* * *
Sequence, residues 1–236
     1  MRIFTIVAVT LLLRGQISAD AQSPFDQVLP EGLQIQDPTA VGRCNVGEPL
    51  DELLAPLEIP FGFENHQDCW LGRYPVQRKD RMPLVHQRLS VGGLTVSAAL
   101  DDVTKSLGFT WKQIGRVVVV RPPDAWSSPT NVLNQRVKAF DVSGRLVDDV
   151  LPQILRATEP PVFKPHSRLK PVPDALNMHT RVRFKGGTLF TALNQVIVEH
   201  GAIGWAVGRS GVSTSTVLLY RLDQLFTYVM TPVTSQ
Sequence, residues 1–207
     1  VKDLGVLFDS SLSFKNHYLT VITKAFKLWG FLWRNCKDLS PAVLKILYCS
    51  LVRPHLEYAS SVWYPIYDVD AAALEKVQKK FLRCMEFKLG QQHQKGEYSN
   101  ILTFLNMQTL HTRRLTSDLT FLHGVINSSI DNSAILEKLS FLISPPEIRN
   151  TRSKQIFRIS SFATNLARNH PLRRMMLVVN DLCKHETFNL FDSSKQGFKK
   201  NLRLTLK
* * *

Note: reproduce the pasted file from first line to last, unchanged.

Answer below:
Sequence, residues 1–236
     1  MRIFTIVAVT LLLRGQISAD AQSPFDQVLP EGLQIQDPTA VGRCNVGEPL
    51  DELLAPLEIP FGFENHQDCW LGRYPVQRKD RMPLVHQRLS VGGLTVSAAL
   101  DDVTKSLGFT WKQIGRVVVV RPPDAWSSPT NVLNQRVKAF DVSGRLVDDV
   151  LPQILRATEP PVFKPHSRLK PVPDALNMHT RVRFKGGTLF TALNQVIVEH
   201  GAIGWAVGRS GVSTSTVLLY RLDQLFTYVM TPVTSQ
Sequence, residues 1–207
     1  VKDLGVLFDS SLSFKNHYLT VITKAFKLWG FLWRNCKDLS PAVLKILYCS
    51  LVRPHLEYAS SVWYPIYDVD AAALEKVQKK FLRCMEFKLG QQHQKGEYSN
   101  ILTFLNMQTL HTRRLTSDLT FLHGVINSSI DNSAILEKLS FLISPPEIRN
   151  TRSKQIFRIS SFATNLARNH PLRRMMLVVN DLCKHETFNL FDSSKQGFKK
   201  NLRLTLK